A.15 Contractor-Held Property. Contractor-Held Property is NASA-owned property in the possession of a contractor, and includes NASA furnished property, contractor-acquired property or contractor-fabricated property.
A.16 Data Conversion. Data Conversion includes conversion of existing data, reconciliation or balancing data, and the creation of new/additional data.
A.17 Depreciable Basis. The depreciable basis of a General PP&E asset is the recorded cost reduced by the asset's salvage value, when the salvage value exceeds 10 percent of the asset's cost.
A.18 Depreciation. Depreciation is the systematic and rational allocation of the cost of General PP&E less its estimated salvage or residual value, over the estimated useful life of the General PP&E. Depreciation expense shall be recognized on all General PP&E, except for land and land rights of unlimited duration.
A.19 Development. Development is the translation of research findings or other knowledge into a plan or design for a new product or process or for a significant improvement to an existing product or process whether intended for sale or use. It includes the conceptual formulation, design, and testing of product alternative, construction of prototypes, and operation of pilot plants. It does not include routine or periodic alterations to existing products, production lines, manufacturing processes, and other on-going operations even though those alternations may represent improvement and it does not include research or market testing activities.
A.20 Estimated Economic Life. Estimated remaining period during which the PP&E is expected to be economically usable by one or more users, with normal repairs and maintenance, for the purpose for which it was intended at the inception of the lease, without limitation by the lease term.
A.21 Excess Property. Property that is no longer required for an Agency's needs, as determined by the Agency head or designee.
A.22 Fabrication. Fabrication is the process of building or constructing a part or end item (i.e., satellites, space shuttle, space station, etc.). Multiple materials and supplies can be used and incorporated in a fabrication.
A.23 Fair Value. Price for which leased PP&E could be sold in an arm's-length transaction between unrelated parties.
A.24 Formulation Phase. Consists of conceptual formulation of alternatives, evaluation and testing of alternatives, determination of existence of needed technology, and final selection of alternatives.
A.25 Free Software. Software released to the public or other Federal agencies that advances scientific and technological knowledge but is not used in NASA's operations. The development of such software is consistent with NASA's mission, but is not acquired or constructed with the intention of being used, or being available for use by NASA.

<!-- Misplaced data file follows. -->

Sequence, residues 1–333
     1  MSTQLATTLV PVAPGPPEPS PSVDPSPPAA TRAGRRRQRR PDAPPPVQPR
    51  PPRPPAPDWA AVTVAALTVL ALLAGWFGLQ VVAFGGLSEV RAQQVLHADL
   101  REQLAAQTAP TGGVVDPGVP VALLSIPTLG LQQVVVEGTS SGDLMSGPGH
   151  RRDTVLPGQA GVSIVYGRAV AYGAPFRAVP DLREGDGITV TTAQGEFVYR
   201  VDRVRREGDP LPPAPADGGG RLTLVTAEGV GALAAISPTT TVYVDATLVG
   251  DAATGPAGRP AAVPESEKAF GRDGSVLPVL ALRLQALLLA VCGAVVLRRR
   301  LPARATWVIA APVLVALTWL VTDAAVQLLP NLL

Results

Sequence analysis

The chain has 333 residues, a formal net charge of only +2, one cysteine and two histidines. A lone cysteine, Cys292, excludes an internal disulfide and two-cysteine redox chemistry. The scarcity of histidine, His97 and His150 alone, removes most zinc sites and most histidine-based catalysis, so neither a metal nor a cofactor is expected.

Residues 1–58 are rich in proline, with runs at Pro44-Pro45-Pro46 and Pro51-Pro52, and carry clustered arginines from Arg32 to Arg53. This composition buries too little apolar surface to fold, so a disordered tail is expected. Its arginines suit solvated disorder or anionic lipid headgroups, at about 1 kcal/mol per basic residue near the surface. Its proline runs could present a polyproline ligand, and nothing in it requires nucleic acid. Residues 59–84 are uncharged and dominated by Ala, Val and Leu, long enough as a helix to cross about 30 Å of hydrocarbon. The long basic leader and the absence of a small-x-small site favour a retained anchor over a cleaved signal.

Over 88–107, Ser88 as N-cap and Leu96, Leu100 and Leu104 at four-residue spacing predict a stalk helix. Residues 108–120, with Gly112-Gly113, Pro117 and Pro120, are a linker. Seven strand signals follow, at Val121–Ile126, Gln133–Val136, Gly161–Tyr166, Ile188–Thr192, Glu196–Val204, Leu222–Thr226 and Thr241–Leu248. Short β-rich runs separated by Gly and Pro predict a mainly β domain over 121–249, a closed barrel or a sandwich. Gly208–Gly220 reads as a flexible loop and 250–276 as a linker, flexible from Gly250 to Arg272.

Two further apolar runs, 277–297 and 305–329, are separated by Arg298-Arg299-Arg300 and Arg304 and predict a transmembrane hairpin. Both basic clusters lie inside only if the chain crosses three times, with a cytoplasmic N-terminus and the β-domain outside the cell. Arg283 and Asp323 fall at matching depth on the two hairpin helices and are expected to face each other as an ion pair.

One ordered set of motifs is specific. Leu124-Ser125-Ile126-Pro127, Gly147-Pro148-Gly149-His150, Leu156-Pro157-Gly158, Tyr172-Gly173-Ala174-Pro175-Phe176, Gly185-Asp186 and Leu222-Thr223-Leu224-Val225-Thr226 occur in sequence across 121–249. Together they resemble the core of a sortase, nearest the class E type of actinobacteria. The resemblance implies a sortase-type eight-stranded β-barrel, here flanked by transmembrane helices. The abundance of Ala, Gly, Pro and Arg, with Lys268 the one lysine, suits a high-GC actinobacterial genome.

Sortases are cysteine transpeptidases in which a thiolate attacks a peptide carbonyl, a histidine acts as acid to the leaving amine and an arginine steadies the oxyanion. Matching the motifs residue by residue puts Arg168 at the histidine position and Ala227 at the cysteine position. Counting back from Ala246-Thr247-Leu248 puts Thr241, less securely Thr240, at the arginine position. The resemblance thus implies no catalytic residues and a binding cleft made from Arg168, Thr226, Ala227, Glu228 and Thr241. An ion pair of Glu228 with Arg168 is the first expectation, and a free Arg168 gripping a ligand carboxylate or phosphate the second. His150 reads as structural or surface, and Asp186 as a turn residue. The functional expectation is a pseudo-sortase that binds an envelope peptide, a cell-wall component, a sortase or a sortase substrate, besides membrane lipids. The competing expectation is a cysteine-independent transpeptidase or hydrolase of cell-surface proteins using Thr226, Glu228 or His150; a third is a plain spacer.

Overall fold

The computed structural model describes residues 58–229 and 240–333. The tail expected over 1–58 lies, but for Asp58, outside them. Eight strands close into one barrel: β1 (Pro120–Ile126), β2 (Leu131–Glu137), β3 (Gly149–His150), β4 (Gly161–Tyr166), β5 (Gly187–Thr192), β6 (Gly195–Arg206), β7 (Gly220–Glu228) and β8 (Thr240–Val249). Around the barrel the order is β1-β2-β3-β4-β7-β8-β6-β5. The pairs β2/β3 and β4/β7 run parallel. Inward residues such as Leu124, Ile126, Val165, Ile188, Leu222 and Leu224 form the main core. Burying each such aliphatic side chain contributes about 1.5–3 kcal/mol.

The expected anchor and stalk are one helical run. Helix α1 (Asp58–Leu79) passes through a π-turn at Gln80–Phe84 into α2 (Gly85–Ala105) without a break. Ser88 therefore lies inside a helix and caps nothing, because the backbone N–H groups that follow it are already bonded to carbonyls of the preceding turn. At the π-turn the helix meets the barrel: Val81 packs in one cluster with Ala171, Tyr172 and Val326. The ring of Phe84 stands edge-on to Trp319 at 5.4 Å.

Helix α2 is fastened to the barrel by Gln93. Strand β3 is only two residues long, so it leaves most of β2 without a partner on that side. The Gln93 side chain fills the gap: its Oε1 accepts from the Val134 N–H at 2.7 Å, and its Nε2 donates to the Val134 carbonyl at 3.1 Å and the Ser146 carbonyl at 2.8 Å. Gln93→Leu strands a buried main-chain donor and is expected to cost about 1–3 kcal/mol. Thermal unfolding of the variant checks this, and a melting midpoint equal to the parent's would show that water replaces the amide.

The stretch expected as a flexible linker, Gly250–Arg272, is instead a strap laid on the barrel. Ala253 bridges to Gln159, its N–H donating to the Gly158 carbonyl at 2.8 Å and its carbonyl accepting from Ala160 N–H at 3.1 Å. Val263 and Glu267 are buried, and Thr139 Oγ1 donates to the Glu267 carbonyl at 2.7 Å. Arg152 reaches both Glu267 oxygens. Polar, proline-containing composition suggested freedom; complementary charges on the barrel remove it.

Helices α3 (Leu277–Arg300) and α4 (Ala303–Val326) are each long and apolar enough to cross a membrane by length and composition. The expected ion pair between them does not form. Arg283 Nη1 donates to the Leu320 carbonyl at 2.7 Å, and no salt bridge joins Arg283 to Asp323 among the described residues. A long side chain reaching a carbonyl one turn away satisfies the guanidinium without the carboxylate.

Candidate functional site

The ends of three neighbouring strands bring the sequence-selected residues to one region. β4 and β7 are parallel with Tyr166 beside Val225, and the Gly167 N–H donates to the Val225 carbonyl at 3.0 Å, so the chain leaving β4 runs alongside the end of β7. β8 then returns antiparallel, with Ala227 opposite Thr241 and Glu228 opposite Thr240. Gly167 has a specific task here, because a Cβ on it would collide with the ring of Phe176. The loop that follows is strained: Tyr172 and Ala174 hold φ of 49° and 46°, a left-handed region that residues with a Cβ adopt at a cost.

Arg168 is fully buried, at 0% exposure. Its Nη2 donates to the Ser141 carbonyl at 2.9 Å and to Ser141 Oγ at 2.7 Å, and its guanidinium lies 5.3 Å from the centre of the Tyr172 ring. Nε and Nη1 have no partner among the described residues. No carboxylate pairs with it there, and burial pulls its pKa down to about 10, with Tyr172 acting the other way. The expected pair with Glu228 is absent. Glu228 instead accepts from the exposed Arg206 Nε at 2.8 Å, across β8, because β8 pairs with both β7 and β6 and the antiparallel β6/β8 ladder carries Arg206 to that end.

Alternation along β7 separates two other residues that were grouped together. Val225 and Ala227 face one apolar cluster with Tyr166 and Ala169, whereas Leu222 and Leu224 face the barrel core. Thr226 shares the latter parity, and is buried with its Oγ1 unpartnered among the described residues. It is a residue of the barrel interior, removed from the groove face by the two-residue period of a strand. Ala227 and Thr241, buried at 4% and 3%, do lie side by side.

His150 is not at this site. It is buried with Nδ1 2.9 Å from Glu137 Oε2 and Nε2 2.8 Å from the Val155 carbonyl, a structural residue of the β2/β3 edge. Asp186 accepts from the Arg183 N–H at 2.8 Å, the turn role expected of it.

A.26 Heritage Assets. Heritage assets are property, plant, and equipment (PP&E) that are unique for one or more of the following reasons:
a. Historical or Natural Significance;
b. Cultural, Educational or artistic (i.e. aesthetic) importance;
c. Significant architectural characteristics.
A.27 Impaired Software. Software no longer expected to provide substantive service potential which will be removed from service, or software which has incurred a significant reduction in capability, function, or use (or a module thereof).
A.28 Implementation Phase. Consists of design (including configuration and interfaces), coding, installation of hardware, and testing (including parallel processing, if needed).
A.29 Improvements to Land. Improvements to Land includes the cost of nonpermanent, depreciable improvements to land used in general operations. Also includes similar costs to land subject to stewardship reporting, as well as land rights of limited duration that are associated with general operations. The distinction between land and land improvements is that while land has an indefinite life and non-depreciable, land improvements have an estimated useful life (finite life), and it is capitalized and depreciated. Examples of land improvements include the cost of parking lots, driveways, fences, lawn, and garden sprinkler systems. The costs of land improvements are capitalized and depreciated.
A.30 Ingrant. An ingrant is an agreement between NASA and another entity by which NASA is allowed to use the property owned by the other entity.
A.31 Integrated Software. Computer software integrated into and necessary to operate Property, Plant, and Equipment (PP&E), rather than a stand-alone application.
A.32 Interest Rate Implicit in the Lease. Discount rate that, when applied to the minimum lease payments (less executory costs and unguaranteed residual value), causes the aggregate present value at the beginning of the lease term to be equal to the fair value of the leased PP&E at the inception of the lease.